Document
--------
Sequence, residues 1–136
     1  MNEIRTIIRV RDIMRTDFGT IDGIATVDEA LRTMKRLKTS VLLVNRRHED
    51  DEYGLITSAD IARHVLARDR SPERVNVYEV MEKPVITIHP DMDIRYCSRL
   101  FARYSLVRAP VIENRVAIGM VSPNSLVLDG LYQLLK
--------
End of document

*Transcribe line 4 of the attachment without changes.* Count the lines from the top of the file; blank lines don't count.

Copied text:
   101  FARYSLVRAP VIENRVAIGM VSPNSLVLDG LYQLLK